Contact: Doug Honig, ACLU of WA, 206-624-2184
Despite Broad Bipartisan Support from Legislature, Bill to Regulate Government Drones Is Vetoed
Despite gaining broad bipartisan support from legislators, a bill to provide reasonable regulations for state and local government use of drones was vetoed by the Governor today. The legislation, EHB 2789, passed the Senate with a 46-1 vote and the House with a 77-21 vote.
“We are deeply disappointed that the Governor vetoed this well-balanced and carefully considered legislation. The action was a missed opportunity to uphold Washington’s strong tradition of privacy, and protect all Washingtonians from government surveillance now,” said ACLU of Washington Executive Director Kathleen Taylor.
The Governor announced he is placing a moratorium on state acquisition or use of drones for 15 months, except for emergency purposes, and encouraged local governments to do the same. This action has little impact, given that it allows acquisition of drones for emergency purposes but includes no rules for their use after acquisition, and does not bind local agencies at all.
“The Governor’s moratorium shows exactly why we needed the bill in the first place – to put in place rules around procurement and use of drones, and clear standards for what the government is allowed to do and what it is not. Legislation must ensure that government does not use the game-changing technology of drones for suspicionless general surveillance,” Taylor said.
The Governor also said he is putting together a task force for a bill regulating government drone use and acquisition to be enacted next year. Legislation to regulate drones has been proposed in 43 states and enacted in nine. The Governor cited “ambiguities” in vetoing the bill, but did not clarify how the bill should have been different in his view.
“We are encouraged that the Governor has expressed his support for a drone bill to protect the privacy of all Washingtonians, and has recognized the deep and broad concern among both lawmakers and the public. We will hold the Governor to his word that he will support making this happen next year,” said ACLU of Washington Legislative Director Shankar Narayan.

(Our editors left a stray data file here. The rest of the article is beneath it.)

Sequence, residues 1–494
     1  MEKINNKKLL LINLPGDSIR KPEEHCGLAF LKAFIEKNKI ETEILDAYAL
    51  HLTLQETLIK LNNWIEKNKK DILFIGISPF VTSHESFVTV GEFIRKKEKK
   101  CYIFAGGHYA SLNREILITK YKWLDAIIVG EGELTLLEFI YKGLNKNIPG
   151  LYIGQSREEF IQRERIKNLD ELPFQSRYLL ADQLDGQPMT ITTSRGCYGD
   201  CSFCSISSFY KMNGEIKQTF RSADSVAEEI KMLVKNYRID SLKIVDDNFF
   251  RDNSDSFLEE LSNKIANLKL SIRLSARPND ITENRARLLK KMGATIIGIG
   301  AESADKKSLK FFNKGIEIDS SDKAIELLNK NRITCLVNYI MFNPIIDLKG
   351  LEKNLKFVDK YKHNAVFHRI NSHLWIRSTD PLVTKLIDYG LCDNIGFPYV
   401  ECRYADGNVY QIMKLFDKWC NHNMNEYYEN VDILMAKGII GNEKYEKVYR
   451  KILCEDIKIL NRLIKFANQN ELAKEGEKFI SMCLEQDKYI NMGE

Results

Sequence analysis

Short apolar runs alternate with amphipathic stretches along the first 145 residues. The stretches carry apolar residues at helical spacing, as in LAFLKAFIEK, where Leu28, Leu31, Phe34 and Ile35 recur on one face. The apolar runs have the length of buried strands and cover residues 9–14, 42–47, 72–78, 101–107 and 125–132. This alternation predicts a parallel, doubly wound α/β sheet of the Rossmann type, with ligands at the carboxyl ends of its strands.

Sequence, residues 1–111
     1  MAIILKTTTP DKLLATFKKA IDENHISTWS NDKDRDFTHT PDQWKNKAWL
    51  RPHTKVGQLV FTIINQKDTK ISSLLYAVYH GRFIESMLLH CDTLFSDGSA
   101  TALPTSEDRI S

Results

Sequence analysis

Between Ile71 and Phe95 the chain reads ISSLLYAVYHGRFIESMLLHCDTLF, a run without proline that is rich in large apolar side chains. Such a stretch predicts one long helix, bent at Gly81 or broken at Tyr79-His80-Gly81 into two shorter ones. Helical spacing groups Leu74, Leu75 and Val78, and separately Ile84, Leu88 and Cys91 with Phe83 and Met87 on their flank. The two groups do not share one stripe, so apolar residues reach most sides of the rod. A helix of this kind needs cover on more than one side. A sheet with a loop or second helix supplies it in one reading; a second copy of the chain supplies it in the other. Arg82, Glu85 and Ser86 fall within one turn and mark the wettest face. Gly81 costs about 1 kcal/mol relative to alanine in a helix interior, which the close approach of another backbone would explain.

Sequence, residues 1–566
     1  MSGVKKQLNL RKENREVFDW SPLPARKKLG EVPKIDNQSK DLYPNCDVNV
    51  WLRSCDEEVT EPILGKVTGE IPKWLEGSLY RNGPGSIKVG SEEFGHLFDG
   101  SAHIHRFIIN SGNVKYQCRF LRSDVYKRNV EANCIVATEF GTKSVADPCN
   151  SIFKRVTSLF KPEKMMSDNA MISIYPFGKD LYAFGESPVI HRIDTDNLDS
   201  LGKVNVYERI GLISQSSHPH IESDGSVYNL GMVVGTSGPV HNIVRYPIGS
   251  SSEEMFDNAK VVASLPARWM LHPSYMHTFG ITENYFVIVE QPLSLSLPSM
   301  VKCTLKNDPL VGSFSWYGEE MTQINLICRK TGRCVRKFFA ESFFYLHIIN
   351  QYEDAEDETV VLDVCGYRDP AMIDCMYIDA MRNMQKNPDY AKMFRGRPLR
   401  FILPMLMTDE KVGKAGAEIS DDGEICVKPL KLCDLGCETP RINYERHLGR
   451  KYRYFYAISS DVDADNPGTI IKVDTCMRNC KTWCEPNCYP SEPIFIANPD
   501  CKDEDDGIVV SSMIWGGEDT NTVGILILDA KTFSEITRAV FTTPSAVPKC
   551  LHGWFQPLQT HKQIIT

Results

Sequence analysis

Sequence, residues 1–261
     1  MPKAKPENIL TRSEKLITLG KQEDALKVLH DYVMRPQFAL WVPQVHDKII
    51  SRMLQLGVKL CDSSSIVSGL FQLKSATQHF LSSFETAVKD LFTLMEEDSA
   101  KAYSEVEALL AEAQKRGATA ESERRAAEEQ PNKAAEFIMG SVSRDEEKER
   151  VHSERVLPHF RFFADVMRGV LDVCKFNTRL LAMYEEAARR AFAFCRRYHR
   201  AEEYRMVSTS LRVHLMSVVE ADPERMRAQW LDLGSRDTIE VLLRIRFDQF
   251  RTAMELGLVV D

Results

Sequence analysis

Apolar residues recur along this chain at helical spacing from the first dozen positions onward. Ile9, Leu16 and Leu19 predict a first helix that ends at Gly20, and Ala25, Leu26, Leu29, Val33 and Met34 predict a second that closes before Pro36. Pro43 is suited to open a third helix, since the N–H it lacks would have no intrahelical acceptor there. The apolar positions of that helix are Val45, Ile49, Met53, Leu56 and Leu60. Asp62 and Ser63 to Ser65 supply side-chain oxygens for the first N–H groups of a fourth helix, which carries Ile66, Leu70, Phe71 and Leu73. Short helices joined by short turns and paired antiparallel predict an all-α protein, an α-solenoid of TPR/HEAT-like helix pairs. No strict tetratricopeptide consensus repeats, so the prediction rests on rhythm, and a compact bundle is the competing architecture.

Unmanned aerial drones give the government unprecedented capabilities to engage in surveillance and other activities that infringe on privacy. They do not have the physical, logistical, or economic limitations of previous methods of information collection, such as fixed camera networks or manned aerial surveillance. Since they are unmanned, they can operate for longer periods of time at a lower cost. And they may be equipped with new surveillance technologies, such as high resolution cameras and facial recognition, that enable them to intrusively collect personal information.
The bill would have required legislative approval before an agency acquires drones. The bill allowed agency use of drones without a warrant for a list of specified legitimate uses as well as emergencies, but law enforcement agencies would otherwise have had to obtain a warrant before using drones. And agencies would have been required to report how and how often they use drones, to give the legislature and the public more transparency in understanding how these technologies are being deployed.